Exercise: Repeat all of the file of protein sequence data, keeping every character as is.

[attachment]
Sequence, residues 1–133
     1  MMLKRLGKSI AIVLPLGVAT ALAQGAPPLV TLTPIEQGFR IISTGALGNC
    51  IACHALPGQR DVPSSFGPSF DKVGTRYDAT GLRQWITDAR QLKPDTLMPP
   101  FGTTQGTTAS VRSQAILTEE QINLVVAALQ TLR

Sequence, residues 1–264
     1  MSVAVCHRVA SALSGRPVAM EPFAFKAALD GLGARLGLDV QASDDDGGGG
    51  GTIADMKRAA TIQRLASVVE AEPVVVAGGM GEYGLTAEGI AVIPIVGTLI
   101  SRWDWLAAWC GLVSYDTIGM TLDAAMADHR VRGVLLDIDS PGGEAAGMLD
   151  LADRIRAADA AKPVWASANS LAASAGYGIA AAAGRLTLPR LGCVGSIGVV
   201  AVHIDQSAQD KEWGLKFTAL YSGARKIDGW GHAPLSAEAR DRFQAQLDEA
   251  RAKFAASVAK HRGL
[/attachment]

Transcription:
Sequence, residues 1–133
     1  MMLKRLGKSI AIVLPLGVAT ALAQGAPPLV TLTPIEQGFR IISTGALGNC
    51  IACHALPGQR DVPSSFGPSF DKVGTRYDAT GLRQWITDAR QLKPDTLMPP
   101  FGTTQGTTAS VRSQAILTEE QINLVVAALQ TLR

Sequence, residues 1–264
     1  MSVAVCHRVA SALSGRPVAM EPFAFKAALD GLGARLGLDV QASDDDGGGG
    51  GTIADMKRAA TIQRLASVVE AEPVVVAGGM GEYGLTAEGI AVIPIVGTLI
   101  SRWDWLAAWC GLVSYDTIGM TLDAAMADHR VRGVLLDIDS PGGEAAGMLD
   151  LADRIRAADA AKPVWASANS LAASAGYGIA AAAGRLTLPR LGCVGSIGVV
   201  AVHIDQSAQD KEWGLKFTAL YSGARKIDGW GHAPLSAEAR DRFQAQLDEA
   251  RAKFAASVAK HRGL